Richard (Dick) Fuld was the last CEO of Lehman Brothers prior to its collapse ten years ago on 15 September 2018. After years of avoiding the public eye, Fuld has been rebuilding his career as CEO of wealth and asset management firm Matrix Private Capital Group.
The New York based firm was set-up in 2016 and according to the Financial Times in 2017 had more than $100m assets under management and from 18 families.
In November 2017 the company announced an expansion to Palm Beach in Florida and to Los Angeles, California.
At the time of the announcement Fuld said in press release: “We see clear opportunities in a flawed and highly fragmented financial services market.”
“Despite the proliferation of technology, robo-advisors, automation and algorithms in financial services, we still firmly believe in the value of relationships,” said Fuld.
“We’ve assembled a team whose members share longstanding professional and personal ties that embody the tight-knit, team-oriented culture we are proud to bring to our clients.”
And Fuld is not the only Lehman exec at the business as COO Marc Scheuer and New York managing director Thomas Deutsch are both former Lehman Brothers alumnus.
Matrix Private Capital Group sister company Matrix Advisory was first set up by Fuld in 2009 focusing on M&A advisory services.
Richard Fuld has no regrets
Lehman Brothers bankruptcy was not only the triggered for global financial crisis that followed, it’s also the largest ever corporate bankruptcy in the US with the firm holding over $600bn in assets, but also $619bn in debt at the time of collapse.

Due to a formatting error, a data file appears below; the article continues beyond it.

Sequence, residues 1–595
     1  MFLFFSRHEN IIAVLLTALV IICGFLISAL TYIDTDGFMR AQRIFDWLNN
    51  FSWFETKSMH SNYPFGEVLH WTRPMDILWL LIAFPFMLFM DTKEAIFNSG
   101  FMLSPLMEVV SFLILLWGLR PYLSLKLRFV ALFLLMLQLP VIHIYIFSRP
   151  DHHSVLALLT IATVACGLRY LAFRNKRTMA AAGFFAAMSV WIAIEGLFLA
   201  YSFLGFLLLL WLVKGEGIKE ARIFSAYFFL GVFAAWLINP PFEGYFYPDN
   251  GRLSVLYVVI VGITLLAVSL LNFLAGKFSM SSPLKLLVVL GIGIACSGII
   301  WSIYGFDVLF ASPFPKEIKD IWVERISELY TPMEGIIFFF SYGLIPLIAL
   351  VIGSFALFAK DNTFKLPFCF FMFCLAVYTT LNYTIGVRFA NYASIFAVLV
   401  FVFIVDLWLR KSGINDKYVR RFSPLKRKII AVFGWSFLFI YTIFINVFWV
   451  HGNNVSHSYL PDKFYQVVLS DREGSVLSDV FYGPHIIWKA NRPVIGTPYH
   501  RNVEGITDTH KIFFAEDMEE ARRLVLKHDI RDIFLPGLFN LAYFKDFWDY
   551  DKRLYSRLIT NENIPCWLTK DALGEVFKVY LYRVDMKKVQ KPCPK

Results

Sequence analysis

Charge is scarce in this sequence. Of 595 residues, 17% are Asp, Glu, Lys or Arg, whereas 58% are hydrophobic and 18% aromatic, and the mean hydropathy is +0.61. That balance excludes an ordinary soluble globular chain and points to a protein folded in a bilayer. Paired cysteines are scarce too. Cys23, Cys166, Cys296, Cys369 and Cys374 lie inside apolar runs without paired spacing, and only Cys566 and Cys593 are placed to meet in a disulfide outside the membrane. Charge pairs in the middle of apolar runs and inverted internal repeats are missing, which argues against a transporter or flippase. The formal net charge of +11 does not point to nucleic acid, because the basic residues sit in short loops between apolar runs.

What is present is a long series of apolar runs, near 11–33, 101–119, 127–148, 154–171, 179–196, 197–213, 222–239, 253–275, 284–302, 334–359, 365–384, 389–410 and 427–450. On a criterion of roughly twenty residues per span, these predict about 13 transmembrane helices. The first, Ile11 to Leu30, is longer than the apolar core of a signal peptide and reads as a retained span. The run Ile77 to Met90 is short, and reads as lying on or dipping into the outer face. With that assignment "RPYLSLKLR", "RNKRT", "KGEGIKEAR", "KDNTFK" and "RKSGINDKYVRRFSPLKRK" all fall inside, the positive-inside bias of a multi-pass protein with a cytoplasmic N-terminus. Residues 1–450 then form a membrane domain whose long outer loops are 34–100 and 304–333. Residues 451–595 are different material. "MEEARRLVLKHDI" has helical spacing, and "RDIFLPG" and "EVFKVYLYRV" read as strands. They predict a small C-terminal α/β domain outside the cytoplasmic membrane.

Hearings and investigations followed as the global financial services markets unravelled, but Fuld managed to escape most of the blame for the financial services firm’s collapse in the eyes of the law.
Nevertheless, Fuld, also known as Gorilla of Wall Street, was scrutinised and blamed by many. Time magazine names him as one of the 25 people to blame for the financial crisis.
Years letter, speaking at the Marcum Microcap conference in New York in 2015, his first even public appearance in years, Fuld blamed politicians and a “perfect storm” situation for the collapse.
“For me, it’s about how do I make a difference during my time here. And whatever it is, enjoy the ride,” he said. “No regrets.”
This month marks ten years since the collapse of Lehman Brothers, which in many ways is synonymous with the global financial crisis and the consequent loss of 6million jobs in the US, collapse of the housing market and consequences further afield such as the Euro-zone crisis and the bail-out of many key financial institutions.